CDOR agents Horowitz and Couch reportedly replied,”We don’t care if a landowner brings us 100 appraisals, if we don’t like them (values), we won’t accept them.”
An exasperated McKinley popped up from his chair, threw off his cowboy hat and exclaimed,”You mean to tell me if I have 100 doctors make the same diagnosis, you wouldn’t believe it?”
Some time later, in a legislative hearing, Couch and Horowitz were questioned about the comment. Reportedly, they both lied and denied it was ever said. However three witnesses — Wes McKinley, and two of his constituents (affected CE landowners) David Emick and Jillane Hixson — did indeed, hear the remark.
Clearly Horowitz and Couch were pushing an agenda; however the following Colorado statue denies Director of Revenue Barbara Brohl (formerly Roxanne Huber) the authority to send those dis-allowance notices without valid proof of her opinion.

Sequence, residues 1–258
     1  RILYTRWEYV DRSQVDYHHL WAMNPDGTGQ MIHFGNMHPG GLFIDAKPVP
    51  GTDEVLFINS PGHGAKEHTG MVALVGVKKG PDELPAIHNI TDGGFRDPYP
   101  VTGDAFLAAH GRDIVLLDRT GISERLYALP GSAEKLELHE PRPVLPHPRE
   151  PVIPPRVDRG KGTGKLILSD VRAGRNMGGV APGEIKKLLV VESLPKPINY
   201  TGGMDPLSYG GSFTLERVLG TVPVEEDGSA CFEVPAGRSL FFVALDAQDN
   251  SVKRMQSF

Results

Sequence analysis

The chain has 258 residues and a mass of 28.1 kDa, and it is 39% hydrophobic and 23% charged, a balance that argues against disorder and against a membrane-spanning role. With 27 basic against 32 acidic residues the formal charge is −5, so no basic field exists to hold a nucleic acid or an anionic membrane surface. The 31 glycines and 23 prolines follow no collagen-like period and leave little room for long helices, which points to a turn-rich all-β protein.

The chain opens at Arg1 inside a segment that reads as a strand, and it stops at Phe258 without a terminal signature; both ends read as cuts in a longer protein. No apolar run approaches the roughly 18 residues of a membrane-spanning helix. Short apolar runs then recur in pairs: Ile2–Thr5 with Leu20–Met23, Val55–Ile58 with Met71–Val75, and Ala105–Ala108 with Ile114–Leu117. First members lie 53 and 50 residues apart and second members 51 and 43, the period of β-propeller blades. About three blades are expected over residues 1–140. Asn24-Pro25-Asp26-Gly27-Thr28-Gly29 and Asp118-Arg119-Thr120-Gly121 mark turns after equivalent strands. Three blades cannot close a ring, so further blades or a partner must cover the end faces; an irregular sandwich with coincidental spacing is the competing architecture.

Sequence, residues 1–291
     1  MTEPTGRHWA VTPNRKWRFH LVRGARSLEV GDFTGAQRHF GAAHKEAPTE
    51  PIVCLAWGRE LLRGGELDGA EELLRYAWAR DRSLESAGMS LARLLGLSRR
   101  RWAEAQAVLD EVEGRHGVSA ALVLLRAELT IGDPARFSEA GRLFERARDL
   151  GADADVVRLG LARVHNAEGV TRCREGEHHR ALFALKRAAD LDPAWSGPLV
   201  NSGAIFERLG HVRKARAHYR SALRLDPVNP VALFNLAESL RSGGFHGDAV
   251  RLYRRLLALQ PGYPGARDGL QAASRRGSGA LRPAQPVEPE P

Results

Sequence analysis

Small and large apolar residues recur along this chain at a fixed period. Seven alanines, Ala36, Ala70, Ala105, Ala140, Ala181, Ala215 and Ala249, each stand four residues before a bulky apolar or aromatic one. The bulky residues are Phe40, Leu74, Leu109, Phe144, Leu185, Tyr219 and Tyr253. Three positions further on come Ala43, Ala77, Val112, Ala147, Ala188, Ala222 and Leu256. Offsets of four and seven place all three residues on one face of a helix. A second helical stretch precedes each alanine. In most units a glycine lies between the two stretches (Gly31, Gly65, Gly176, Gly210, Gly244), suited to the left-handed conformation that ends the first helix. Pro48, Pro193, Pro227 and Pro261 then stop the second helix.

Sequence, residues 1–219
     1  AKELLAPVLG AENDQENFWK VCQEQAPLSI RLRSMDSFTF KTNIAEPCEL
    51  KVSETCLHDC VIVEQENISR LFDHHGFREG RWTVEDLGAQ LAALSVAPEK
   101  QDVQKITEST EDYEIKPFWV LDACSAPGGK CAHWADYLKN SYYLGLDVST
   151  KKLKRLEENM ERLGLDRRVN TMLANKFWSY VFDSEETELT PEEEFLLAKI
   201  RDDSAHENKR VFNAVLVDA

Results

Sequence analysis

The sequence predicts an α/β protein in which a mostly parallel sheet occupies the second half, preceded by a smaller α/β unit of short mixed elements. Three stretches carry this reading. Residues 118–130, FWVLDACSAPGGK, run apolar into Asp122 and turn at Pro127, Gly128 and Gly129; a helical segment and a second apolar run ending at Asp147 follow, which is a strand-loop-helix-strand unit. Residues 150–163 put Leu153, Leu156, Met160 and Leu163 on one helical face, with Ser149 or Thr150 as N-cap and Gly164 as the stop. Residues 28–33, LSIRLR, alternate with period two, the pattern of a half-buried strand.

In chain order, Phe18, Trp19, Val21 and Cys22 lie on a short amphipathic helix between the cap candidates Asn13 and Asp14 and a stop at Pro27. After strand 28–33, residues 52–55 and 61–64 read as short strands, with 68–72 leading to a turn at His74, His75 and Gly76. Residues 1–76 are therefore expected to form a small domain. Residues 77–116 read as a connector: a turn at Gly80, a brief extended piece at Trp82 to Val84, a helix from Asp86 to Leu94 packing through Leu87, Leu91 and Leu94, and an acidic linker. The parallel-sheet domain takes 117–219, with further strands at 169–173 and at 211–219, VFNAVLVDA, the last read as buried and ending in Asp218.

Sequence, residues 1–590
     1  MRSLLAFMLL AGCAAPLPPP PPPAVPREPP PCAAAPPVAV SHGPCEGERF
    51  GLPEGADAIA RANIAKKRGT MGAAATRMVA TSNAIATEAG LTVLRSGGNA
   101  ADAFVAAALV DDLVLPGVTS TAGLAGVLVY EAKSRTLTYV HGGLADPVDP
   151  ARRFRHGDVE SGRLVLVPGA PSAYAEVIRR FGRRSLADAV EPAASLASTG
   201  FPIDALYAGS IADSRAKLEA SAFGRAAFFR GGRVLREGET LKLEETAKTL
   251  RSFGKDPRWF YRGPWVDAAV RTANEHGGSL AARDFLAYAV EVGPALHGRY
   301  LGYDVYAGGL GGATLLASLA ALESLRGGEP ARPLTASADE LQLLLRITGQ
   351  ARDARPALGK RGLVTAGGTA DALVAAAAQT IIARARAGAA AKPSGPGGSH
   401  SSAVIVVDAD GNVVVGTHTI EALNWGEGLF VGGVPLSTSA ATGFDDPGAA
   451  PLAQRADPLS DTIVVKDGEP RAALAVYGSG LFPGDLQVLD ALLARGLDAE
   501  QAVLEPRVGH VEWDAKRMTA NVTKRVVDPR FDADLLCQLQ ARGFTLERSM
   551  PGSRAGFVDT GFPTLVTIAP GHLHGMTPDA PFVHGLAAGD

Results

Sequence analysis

Colorado Revised Statute (CRS) § 39-22-103(1) defines the term “assessment” for the purpose of Colorado income taxes in Article 22. An assessment is either “… the filing of the return as to the tax, penalty, and interest shown to be due thereon …” or as it pertains to any deficiency in tax, penalty or interest, assessment “means the mailing or issuance of a notice and demand for payment.” C.C.R. 201-2: 39-22-103.1 clarifies the statutory definition of assessment and also provides that “[a] notice to a taxpayer that the executive director believes a deficiency exists is not an assessment.”
The IRS soon became frustrated with the arbitrary work imposed upon them by the conspiring and incompetent CDOR and for the most part, the IRS accepted the validity and value of land owner’s conservation easements. Incredulously, the CDOR then audaciously refused to accept IRS evaluations even though the Colorado statutes clearly identified the IRS regulations as the only standard.